Has Your Facebook Pixel Been Hijacked?
Recently, we noticed an increase in new domains sending data to one of our clients’ Facebook pixel. We also got an email from Facebook telling us there were ‘New Domains Sending Data’. When we looked one day, there were 12 more spammy domains that had hijacked our client’s pixel that were using it for their own questionable purposes.
When we click to see all 12, we see these (3 of them blacked out for privacy reasons).
After further investigation, we found that there were several different implementations of sites using our clients’ pixel.
- Sites that replicated our client’s website. These also fell into 2 categories
- Some versions of the site used a full replication of the client site from several months ago. All links worked, all images worked and even the checkout worked (up until purchase at least, but there was no way we try to make a purchase)
- Some sites just replicated the home page and no other links on the page worked.
- A couple sites were replicas of completely other sites. For instance, wasteindustriess.com is a copy of chichiclothing.com.
- Some sites showed a blank white page, but when we looked at the page source, we’d see this:
What’s interesting is the console.log. From code.org, they define this as:
console.log() is used as a debugging tool to help you understand what your code is doing. By displaying a message containing either descriptive text that tells you what is happening or the value of particular variables, you can follow along as your code executes. The user of your app will not see the console.log() messages.
Then, I looked at the source code of some of the other spam sites and see much more complex coding:
Of course I can’t tell exactly what’s going on in this function, but I’m sure it’s not good.
However, we know for sure that these sites hijacked my client’s Facebook pixel for tracking and are trying to hijack traffic to our pixel to prime and build traffic on their pixel, so we know that this code is somehow doing that.
Unfortunately, there’s not much you can do besides continue blocking the domain in Facebook. Eventually, when whoever is doing this sees we’re on to them as we continue blocking them, we expect (hope) they’ll stop. We thought about reporting them to their registrar, but they’re overseas and can’t/won’t do anything.
Some are also being served through CloudFlare.com and we thought about reporting to them, but not sure that would do anything either.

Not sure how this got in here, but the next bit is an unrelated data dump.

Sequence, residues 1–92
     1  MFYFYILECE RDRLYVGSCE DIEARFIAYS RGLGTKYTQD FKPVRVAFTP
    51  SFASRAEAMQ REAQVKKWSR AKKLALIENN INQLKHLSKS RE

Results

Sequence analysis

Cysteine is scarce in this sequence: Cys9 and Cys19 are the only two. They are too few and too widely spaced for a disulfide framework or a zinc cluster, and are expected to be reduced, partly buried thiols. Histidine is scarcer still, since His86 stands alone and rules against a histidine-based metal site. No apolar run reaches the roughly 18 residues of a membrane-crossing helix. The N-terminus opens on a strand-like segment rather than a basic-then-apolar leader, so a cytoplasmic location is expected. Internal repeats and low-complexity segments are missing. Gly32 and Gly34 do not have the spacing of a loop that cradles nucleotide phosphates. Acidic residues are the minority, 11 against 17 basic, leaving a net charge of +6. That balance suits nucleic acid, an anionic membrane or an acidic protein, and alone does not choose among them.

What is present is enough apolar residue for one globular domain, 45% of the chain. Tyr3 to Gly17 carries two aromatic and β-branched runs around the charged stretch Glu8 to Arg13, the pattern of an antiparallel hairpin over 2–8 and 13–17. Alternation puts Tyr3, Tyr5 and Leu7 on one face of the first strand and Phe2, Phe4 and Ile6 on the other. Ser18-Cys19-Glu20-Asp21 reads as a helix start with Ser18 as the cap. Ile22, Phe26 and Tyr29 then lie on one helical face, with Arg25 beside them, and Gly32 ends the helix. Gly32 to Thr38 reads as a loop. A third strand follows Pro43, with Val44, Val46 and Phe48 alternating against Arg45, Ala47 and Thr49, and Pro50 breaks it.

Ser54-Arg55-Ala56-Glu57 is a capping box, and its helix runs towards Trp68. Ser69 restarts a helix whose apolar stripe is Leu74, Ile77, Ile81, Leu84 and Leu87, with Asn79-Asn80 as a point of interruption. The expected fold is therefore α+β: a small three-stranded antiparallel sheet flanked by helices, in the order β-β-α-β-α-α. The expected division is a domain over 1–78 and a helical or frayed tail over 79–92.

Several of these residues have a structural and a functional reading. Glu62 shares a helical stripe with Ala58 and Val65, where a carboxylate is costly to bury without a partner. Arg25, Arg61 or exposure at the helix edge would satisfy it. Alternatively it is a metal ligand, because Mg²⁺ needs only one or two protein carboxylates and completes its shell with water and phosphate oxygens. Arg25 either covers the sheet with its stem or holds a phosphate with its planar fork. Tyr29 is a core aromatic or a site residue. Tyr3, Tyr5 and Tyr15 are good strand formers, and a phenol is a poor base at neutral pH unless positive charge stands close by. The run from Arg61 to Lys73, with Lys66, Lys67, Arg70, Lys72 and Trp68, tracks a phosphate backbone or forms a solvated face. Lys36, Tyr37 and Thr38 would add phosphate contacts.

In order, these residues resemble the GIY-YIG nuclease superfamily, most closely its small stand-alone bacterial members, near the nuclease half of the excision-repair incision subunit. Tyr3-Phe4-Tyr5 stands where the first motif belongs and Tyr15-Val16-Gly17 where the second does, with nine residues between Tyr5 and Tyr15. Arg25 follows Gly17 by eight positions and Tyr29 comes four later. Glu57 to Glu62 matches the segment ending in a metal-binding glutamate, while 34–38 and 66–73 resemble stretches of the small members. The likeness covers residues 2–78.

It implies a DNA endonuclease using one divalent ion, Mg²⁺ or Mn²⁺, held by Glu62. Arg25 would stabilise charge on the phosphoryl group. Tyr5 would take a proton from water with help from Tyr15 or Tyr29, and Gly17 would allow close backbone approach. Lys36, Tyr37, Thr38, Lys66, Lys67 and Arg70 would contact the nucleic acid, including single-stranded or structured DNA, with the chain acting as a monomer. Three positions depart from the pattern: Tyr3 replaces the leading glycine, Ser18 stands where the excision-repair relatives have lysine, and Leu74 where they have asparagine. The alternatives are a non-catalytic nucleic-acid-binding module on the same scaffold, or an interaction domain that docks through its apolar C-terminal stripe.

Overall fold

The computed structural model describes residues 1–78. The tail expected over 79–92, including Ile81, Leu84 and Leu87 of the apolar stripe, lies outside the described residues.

The other option is to bring in Legal to go after them for copyright infringement, but again, what we can tell is that they’re all overseas and Legal is probably a rabbit hole that’s not worth going down.
So, we block the domains from using our pixel in Facebook and ignore them and hope they eventually go away. They’re certainly not grabbing that much traffic, so not really worth more of our time right now.
So far we’ve blocked about 60 other domains as these hackers just keep trying.
Fortunately, it’s pretty easy to block in Facebook Events Manager.
How to Block These Domains
Go to Events Manager, under Diagnostics, you may see the warning that there are “New Domains Sending Data”.
Click on Settings and Scroll down to the Traffic Permissions section. Here’s where you can add the domains to your block list. There used to be an allow list, but that was removed. Click on the Edit button.
You’ll get a pop up window showing the option to search for domains and a list below of domains that are using your pixel. The list will show a green light for allowed and red light for blocked. In the case below, the domain is still allowed because it’s new. Click the link to “Add to block list” and this domain can’t use your pixel anymore.
How Does This Impact Your Website?
At first glance, you might think this isn’t really a big deal, but it can be. After iOS 14.5, we’re all striving for quality first party data so we can get the best results possible. That’s essentially what these spammy sites are also trying to do. They want your first party data to hit their pixel which then will theoretically give them a better audience.
But, it also means that their low quality audience that also hits your pixel will be detrimental to your pixel audiences and water them down.
Granted it probably has a greater positive effect for their pixel than the negative effect it has on yours, but you’ve worked hard for your first party data, and you should keep it clean and unadulterated.
So go ahead and block all those spammy domains, if you notice it happening, check every day to keep your data clean.
Give us a shout if you’ve got any Facebook or Google issues that need solving. We’d love to help you out!